Aurel Petrut, Aurel Petrut is an electronics engineer with a vast experience in various areas of electronics equipment. In his career he assumed difficult, special tasks on many occasions, always with a successful output. In the past five years he was associated with MiraTechnologies, Bucharest, Romania, where he brought many valuable contributions and where he enjoys a high esteem and appreciation.
Marcel Savu, Marcel is a chemical engineer, with an extensive activity in scientific research. He devoted a large part of his career to conducting and implementing complex scientific projects, both at national and international level. He is associated with MiraTechnologies, Bucharest, Romania, as a scientific and technological expert and a director of research and development.
Stefan Toba, Stefan started his career as a high-school teacher of Physics in Bucharest, then became a University College Professor of Metrology and Applications of Nuclear Physics. At the same time he worked as a scientific researcher in X-ray diffractometry, X-ray fluorescence analysis, electronic microscopy and non-destructive control. He turned then to chief inspector in the Romanian Agency of Nuclear Activities, which is the national regulatory body in the field. In the past several years he was a scientific researcher at MiraTechnologies, Romania.
The present book reports upon the results of scientific and technical research conducted for five years, between 2009 and 2013, by a group of cca 10 scientists, engineers and technicians at MiraTechnologies, Bucharest, Romania, upon some devices of remote detection with rotating antenna.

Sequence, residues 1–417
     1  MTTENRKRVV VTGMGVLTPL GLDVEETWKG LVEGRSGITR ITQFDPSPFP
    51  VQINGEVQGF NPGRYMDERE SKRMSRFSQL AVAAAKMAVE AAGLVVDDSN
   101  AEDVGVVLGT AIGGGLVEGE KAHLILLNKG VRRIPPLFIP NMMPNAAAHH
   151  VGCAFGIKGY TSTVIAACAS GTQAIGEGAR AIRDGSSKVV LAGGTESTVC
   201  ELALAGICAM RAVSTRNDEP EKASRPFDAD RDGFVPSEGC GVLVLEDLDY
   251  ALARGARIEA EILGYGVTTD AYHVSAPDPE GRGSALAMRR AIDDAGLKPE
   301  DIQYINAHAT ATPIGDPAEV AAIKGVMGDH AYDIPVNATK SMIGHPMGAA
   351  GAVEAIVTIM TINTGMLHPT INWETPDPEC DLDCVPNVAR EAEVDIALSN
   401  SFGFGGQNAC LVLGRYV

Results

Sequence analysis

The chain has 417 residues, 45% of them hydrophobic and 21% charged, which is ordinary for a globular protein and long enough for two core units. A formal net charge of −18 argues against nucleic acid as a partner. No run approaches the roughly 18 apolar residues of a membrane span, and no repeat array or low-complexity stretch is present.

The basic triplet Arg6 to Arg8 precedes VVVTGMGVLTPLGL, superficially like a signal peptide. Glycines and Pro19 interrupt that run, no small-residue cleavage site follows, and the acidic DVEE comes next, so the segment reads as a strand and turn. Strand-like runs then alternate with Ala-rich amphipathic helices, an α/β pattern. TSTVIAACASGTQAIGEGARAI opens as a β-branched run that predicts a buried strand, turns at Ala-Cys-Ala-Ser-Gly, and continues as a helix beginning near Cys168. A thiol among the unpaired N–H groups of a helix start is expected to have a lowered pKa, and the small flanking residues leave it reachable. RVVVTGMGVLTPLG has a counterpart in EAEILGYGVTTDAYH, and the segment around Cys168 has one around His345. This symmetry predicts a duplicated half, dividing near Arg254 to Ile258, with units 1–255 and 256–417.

It is known that an important problem today in our society consists in combating the terrorist acts by detecting explosives or narcotics, as well as other illegal materials. Of course, a remote detection is the most desirable one. There exists, since long, on the international technological markets a series of devices which seem to be able to perform such a remote detection. All these devices (some of them reviewed in the book) share as a common element a rotating antenna which can swivel about its axis and point to the target in the field. These devices, which evoke a charming rod, a magic wand or the famous dowsing rod, have the aspect of a rather small device, like a pistol, which the operator holds in hand.

The functioning of these devices was never convincingly proved, and their validity is controversial.

MiraTechnology became interested in such devices and, about 2009, started to assemble a team of researchers in order to help clarify the functioning of these curious devices. The studies carried out by these researchers (their leaders are this book’s authors), both experimental and theoretical, resulted in a series of scientific publications listed below. The main conclusion of these studies is that there exist firm principles in science which make possible the functioning of such devices. The results of these studies are presented in this booklet.